For example, no parent, that I know of in the U.S. trusts their teenager with a top-fuel dragster, or stunt plane,  even though there are likely thousands of teenagers who have desire to operate such vehicles and who belong to families capable of affording one. 


In short, there are many plausible reasons to believe in the existence of a practical upper bound to mutual trust between individuals, while real world evidence suggests that the practical lower bound is indeed zero. 

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I don't understand the model here.  IMO, trust is multidimensional (prediction robustness to do or not do different things can be different, even for the same trustor and trusteee), and varies over time and with change of circumstance.  It may be useful to talk about the distribution of trust factors or levels, but I don't think this post gives enough basis to start with such.

There seems to be an upper limit to how much any randomly selected individual would trust another randomly selected individual

What makes you say it's an upper limit, rather than a contingent value?  What's the limiting case?  Do you mean randomly selected, or mean or median, or something else?  and are you measuring trust for the distribution (before resolution of the random chance) or for the individuals (after randomly selecting)?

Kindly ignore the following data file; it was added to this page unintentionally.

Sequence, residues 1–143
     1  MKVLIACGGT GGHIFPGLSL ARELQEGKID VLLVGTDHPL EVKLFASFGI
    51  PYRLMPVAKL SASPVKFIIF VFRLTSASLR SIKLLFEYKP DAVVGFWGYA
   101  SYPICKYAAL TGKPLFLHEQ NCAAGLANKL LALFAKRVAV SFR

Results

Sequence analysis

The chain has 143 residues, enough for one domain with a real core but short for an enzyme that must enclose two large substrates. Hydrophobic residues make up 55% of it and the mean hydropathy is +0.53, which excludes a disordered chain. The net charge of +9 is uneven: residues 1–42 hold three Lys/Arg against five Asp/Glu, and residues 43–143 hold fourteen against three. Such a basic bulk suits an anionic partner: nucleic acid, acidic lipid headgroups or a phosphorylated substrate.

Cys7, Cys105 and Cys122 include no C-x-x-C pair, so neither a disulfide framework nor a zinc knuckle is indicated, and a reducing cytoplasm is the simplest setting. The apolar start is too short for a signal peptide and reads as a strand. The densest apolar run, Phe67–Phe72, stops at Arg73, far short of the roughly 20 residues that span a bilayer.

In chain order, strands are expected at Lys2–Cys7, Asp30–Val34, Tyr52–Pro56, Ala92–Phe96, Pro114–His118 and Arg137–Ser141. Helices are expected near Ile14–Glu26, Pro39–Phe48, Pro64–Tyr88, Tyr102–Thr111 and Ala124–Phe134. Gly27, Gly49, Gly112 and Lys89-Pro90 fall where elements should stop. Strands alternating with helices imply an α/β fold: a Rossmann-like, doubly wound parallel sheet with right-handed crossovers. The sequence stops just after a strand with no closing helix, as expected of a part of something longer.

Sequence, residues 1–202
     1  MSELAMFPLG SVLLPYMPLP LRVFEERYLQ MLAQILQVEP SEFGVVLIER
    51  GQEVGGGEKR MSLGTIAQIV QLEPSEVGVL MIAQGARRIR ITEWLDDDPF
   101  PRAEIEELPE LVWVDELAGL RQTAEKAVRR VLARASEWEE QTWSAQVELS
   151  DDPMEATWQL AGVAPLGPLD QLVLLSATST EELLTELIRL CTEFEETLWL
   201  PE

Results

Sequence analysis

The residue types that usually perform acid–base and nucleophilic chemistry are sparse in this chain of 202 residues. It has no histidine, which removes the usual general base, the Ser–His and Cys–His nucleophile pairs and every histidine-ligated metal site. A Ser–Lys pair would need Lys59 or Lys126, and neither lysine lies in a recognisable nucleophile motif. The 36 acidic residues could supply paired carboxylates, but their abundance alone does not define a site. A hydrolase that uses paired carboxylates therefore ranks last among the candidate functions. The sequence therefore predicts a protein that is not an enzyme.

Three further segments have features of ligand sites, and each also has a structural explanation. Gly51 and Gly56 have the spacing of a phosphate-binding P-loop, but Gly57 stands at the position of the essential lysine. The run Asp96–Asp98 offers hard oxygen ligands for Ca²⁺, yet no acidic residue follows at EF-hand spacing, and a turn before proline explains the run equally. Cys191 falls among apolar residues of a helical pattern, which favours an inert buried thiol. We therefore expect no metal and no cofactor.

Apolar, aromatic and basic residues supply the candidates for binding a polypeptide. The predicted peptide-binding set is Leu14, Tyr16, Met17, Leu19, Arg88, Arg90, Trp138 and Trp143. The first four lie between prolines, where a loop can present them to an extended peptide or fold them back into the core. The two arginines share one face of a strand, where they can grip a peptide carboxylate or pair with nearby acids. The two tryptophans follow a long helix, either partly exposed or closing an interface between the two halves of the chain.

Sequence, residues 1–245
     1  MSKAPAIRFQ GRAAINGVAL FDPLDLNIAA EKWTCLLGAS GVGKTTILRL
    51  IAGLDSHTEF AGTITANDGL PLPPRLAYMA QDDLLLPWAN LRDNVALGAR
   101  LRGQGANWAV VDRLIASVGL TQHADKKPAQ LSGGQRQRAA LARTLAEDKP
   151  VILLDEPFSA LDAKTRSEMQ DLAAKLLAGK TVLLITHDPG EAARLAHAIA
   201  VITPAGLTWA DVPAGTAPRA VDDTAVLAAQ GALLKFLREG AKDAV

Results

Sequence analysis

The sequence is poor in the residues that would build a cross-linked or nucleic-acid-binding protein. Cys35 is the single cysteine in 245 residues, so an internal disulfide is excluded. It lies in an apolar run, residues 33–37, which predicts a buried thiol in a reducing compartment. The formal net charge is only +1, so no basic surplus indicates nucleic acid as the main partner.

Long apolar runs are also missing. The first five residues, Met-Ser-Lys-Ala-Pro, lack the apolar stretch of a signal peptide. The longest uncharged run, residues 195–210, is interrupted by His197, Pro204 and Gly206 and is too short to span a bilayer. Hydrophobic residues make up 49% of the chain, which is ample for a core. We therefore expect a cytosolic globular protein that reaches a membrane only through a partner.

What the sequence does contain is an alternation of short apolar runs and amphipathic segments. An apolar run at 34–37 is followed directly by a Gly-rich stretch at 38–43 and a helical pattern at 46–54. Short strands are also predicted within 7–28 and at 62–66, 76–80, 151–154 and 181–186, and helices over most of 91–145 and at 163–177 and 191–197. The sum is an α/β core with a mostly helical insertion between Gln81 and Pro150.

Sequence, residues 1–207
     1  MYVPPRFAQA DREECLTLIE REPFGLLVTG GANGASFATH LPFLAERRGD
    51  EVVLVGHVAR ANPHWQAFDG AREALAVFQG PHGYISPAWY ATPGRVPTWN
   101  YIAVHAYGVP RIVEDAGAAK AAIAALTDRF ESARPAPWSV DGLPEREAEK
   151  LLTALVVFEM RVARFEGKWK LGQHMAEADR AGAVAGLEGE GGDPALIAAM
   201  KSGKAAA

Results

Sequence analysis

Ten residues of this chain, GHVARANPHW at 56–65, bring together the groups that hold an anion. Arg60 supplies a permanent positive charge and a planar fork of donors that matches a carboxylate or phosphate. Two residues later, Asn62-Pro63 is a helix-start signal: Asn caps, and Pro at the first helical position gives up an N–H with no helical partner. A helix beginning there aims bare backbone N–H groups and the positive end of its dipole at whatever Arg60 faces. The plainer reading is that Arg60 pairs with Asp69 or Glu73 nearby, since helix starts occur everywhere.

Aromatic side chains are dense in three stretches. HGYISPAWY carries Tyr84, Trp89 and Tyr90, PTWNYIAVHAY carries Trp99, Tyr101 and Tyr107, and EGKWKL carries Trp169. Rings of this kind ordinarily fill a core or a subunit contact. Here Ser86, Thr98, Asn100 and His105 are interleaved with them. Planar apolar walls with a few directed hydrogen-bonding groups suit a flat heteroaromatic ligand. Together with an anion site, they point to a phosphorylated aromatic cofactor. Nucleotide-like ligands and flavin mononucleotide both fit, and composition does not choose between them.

And before you specify any of that, what does this tell us in terms of actions or our own trust behaviors?  Say there's an upper-limit of "would kill or die to prevent a given decision from being made by any given individual".  So what?

IMO, trust is multidimensional (prediction robustness to do or not do different things can be different, even for the same trustor and trusteee), and varies over time and with change of circumstance.  

The expression of trust is reliably measurable along a single dimension, such as monetary units. At least for activities that involve money.